House Conservatives Introduce Spending Cuts: $2.5 Trillion Over Ten Years

Reporting on Politics and Policy.
Jan. 20 2011 12:21 PM

House Conservatives Introduce Spending Cuts: $2.5 Trillion Over Ten Years

You can stop needling Republicans about what programs they want to cut now. Rep. Jim Jordan (R-Ohio)'s Republican Study Committee is introducing the Spending Reduction Act of 2011, to cut back "non-security discretionary spending" to 2008 levels and to slice that spending back to 2006 levels from 2012 onward. That, they point out, would keep it "the same level as in effect during the last year of GOP control of the Congress."

The proposal does what Republicans have been talking about for two years -- "repeal" of remaining stimulus funds (now $45 billion), privatizing Fannie and Freddie ($30 billion), repealing Medicaid' FMAP increase ($16.1 billion), and what they estimate at $330 billion in discretionary spending cuts. Highlights of these projected annual savings:

- Cutting the federal workforce by 15 percent through attrition, and do this by allowing only one new federal worker for every two who quit.
- Killing the "fund for Obamacare administrative costs" for $900 million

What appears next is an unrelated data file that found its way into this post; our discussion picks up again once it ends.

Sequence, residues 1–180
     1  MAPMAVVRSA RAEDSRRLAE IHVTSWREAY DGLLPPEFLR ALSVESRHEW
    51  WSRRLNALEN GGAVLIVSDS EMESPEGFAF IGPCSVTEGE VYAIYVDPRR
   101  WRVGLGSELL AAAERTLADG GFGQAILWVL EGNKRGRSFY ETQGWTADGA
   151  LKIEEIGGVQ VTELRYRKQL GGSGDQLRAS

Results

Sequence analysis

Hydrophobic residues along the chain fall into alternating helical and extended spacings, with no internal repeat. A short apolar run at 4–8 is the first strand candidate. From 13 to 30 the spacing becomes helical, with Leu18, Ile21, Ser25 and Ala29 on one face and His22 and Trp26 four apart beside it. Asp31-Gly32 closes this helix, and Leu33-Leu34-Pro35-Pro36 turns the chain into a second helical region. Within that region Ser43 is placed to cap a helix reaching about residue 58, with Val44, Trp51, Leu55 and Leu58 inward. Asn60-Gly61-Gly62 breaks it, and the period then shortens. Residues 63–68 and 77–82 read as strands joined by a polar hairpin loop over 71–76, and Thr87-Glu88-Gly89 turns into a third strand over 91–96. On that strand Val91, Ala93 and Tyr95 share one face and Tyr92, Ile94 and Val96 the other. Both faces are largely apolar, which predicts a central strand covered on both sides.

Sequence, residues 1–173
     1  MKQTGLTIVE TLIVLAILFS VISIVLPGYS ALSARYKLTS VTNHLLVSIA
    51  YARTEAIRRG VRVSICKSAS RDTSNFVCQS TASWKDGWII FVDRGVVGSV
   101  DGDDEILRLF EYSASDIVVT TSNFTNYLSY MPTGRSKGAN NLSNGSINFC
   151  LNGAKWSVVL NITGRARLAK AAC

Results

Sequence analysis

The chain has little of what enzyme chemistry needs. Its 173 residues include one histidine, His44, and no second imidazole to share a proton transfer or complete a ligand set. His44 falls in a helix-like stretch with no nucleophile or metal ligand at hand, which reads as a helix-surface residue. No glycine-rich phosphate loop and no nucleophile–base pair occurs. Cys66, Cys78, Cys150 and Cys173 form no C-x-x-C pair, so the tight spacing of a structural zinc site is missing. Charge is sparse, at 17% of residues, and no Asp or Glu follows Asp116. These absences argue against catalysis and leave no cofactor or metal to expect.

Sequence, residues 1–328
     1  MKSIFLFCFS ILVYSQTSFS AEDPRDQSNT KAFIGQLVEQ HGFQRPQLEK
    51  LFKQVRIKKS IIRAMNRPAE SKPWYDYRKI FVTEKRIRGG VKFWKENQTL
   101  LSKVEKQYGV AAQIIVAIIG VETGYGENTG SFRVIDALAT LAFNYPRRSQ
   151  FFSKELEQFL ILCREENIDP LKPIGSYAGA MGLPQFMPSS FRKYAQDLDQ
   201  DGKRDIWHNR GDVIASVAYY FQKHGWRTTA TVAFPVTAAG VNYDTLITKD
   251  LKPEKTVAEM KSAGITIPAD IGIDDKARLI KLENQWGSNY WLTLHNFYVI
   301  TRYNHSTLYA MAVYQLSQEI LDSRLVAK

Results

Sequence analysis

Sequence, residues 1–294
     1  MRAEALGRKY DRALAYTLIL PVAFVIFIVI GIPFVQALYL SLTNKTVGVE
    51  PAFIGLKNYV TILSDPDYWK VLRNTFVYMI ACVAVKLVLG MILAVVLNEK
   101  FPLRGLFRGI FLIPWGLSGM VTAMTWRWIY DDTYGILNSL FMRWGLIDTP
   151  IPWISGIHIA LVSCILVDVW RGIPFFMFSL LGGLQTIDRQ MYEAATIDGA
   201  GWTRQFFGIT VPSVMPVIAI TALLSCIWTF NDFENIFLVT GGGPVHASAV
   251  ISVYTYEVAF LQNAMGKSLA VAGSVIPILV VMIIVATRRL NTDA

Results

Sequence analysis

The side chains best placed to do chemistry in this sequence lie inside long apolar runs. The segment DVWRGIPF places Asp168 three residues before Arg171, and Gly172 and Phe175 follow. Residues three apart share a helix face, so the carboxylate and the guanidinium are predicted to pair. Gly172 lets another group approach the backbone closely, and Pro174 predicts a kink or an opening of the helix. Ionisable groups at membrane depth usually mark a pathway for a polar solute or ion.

- Ending Amtrak subsidies for $1.565 billion
- Ending intercity and high speed rail grants for $2.5 billion
- Repealing Davis-Bacon for $1 billion
- Cutting annual general assistance to the District of Columbia by $210 million, and cutting the subsidy for DC's transit authority by $150 million.

Reforms that go after their own perks:
- Cutting the Federal Travel Budget in half, for $7.5 billion
- Cutting the Federal Vehicle Budget by 1/5, for $600 million
- Halve funding for congressional printing - $47 million annual savings
- Ending the death gratuity for members of Congress

David Weigel David Weigel

David Weigel is a Slate political reporter. 

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And cuts that get revenge for Juan Williams: $445 million from the Corporation for Public Broadcasting, $167.5 million from the NEA, and $167.5 million from the NEH.

"Everything on this list pales in importance to saving the country," said Rep. John Campbell (R-Ca.). "We are much closer to the Greece-Ireland-Spain precipice than any of us would like to believe."

Jordan was asked whether Republicans had calculated how many jobs would be eliminated by these cuts. "We think if you reduce federal government spending, you actually create jobs," said Jordan. He did say that these specific cuts had been brainstormed by the RSC but not presented to House leaders yet.

I asked freshman Rep. Joe Walsh about this too -- specifically, wouldn't the cuts to high-speed rail funds hurt Illinois, because that state was being reappropriated funds that had been allocated to Ohio and Wisconsin?

"High-speed rail is on the table," said Walsh. "It has to be." D.C. Metro funds, too? "My son went to school here, so I know what a great system this is, but everything's on the table."

Another reporter noted that funds for Chicago's metro, the L, were not on the block. "They should be," he said.

David Weigel is a Slate political reporter. 

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